RA Diaries: For my health

I’ve always had mixed feelings about weight-loss diets.

The first time I went on a diet was when I was 11 years old. It was a crash diet, and truly unhealthy. But effective. My mother supervised.

It was summer, and I had gained enough weight over the past year — up until that I was stick thin — that the adults around me, from family to family friends, were appalled.

Yes, I was chubby. I’ve always had a round face, partly because the RA curtailed the growth of my chin. And I had a belly, much like many little girls entering pre-pubescence.

Part of my weight gain could surely be attributed to shifting hormones. A bigger part could be blamed on the complete lifestyle change over the past two years. We had moved to a new country, and lived in a neighborhood not conducive to riding a bike, much less owning one. My school was an hour’s bus ride away, and the gym program at that school was beyond my RA-affected joints.

I had no friends in the neighborhood. I had trouble bonding with the other girls in my class, partly because I was shy, and partly because they thought I was weird because of my deformed hands and my inability to do gym.

I spent most afternoons watching television. And yes, food filled a lot of the holes left by loneliness, by joint pain and fatigue, by my rapidly eroding self-esteem.

But looking at photos of myself at that age, I still don’t get why the adults around me reacted so harshly.

My father was one of the worst. He is hugely fat-phobic, and as someone naturally lean, has always had thin privilege. (And beauty privilege, but that’s another blog.) He has been known — though I haven’t heard him do this the last few years — to make loud remarks in public about overweight people. Overweight people who dare eat in public are particular targets for my father’s contempt.

So you can imagine how much fun it was to deal with that. And it was really a comment from him that led me to the crash diet that summer when I was 11. My parents had a friend, let’s call her Rose. Rose was a sharp, witty woman, and always amusing company. But Rose was fat, bordering on obese. This made any and all of her other qualities invisible to my father. I knew that I had become a truly disgusting object to my own father when he called me “Rose Jr.”

So I crash dieted. I lost five pounds in a week. There was much rejoicing. My equally fat-phobic (and possibly anorexic) grandmother even rewarded me with a giant Monchichi doll.

(I had him up until earlier this year, but he was always symbolic of my summer as “Rose Jr,” so I never liked him. Hopefully Goodwill found him a good home.)

And thus began my mixed feelings about weight loss diets.

But almost four months ago, I started a new one. This was even though I was not technically overweight, just at the high end of my healthy scale. This was even though I am a big believer in intuitive eating, and health at every size. This was even though I have nothing but contempt for people who fat shame, especially in the name of “health”, especially if they fill the voids in their emotional lives with tobacco and alcohol.

The reality is that, for me, certain weights make my RA symptoms worse, while others make them better. More than a decade ago, I went into a three-year remission after losing 30 pounds. The RA came back, but I kept most of this weight off for almost seven years. But then, I started having knee troubles. Which turned into hip problems.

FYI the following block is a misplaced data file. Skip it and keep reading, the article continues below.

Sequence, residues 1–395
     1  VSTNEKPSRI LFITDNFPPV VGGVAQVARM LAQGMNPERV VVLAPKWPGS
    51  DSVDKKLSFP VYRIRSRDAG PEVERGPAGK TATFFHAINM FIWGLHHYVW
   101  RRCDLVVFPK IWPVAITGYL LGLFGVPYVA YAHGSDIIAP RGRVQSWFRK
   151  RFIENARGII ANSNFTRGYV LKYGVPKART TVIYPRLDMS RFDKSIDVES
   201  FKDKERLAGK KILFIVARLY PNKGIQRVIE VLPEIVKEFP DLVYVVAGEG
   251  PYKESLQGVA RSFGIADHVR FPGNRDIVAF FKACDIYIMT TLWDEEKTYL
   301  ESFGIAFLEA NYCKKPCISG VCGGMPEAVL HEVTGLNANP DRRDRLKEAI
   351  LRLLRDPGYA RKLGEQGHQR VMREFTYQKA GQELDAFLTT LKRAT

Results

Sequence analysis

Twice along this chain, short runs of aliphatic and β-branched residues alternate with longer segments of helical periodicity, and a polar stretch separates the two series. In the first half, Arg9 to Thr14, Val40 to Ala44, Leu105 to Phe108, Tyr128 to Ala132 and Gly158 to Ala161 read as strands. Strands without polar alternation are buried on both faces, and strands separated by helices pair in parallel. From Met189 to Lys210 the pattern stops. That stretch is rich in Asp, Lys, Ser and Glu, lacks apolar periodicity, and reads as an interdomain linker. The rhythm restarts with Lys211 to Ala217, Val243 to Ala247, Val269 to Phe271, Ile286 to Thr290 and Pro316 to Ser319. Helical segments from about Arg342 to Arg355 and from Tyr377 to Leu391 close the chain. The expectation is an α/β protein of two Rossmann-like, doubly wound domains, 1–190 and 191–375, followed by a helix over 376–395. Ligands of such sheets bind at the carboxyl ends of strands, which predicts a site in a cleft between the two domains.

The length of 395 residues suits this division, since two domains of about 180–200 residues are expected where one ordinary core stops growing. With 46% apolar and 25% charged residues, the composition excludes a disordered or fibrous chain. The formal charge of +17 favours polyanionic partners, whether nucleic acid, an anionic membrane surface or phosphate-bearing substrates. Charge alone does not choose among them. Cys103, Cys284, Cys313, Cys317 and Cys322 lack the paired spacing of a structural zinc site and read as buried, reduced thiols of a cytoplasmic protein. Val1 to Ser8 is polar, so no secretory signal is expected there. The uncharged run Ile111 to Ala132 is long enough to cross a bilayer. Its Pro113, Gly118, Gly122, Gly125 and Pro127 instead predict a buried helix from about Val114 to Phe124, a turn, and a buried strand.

Cue another lifestyle change. Cue immobility. I did my best not to eat emotionally, but as the pain got worse, I did it anyway. It was either that or drugs, and I figured a Snapple addiction was preferable to an oxycontin one.

I promised myself that when I was mobile again after the hip replacement, I would try to lose some weight. I would try to get myself to, or close to, the weight I was when I went into remission 11 years ago.

Because I so badly want to go into remission. Because that would be the best thing for my health.

I have lost weight. I’m not at my range goal quite yet, but I feel better. Walking is much easier. The aches and pains are not gone, but are less. I have more energy. I have access to a wardrobe, including shoes, that was not comfortable for a long time. Wearing these clothes again makes me happier.

I’m swimming again, which is my favorite form of exercise. The breaststroke feels funny with the prosthesis (and both my surgeon and a physical therapist told me to be careful with that), but not impossible or painful.

Bloodwork in two months will show whether I’m closer to remission. I hope I will be. I hope I’ve made the right decision for my health.

This weight loss has, of course, had the usual social ramifications. People who haven’t seen me in a while congratulate me on how I look. My father, in particular, was very proud. I could only react to his pride with a heavy sigh and an eye-roll.

I know this man loves me, and that he appreciates other things about me than my figure. He even apologized, when confronted, about the “Rose Jr.” remark. His apology, unfortunately, did not come with an epiphany about why it is wrong to dislike people solely for being fat. But it’s not my job to change him, and it never was. I must remember that.

You know, for my health.

All text copyrighted by A.K. Whitney, and cannot be used without permission.

One comment

  • UGH, the fat-shaming. Not a single person in my acquaintance ever walked away from one of those, “You know, dear, you could stand to lose a few pounds” conversations with a desire to lose weight. And nearly every woman in my acquaintance has received The Chat at least once in her life. It does absolutely no good!!! When are people going to stop already! (I know, rhetorical question).

    Good for you for doing what you feel is right for your body and your health. Whenever I lose weight, I chafe at the “approval” too.

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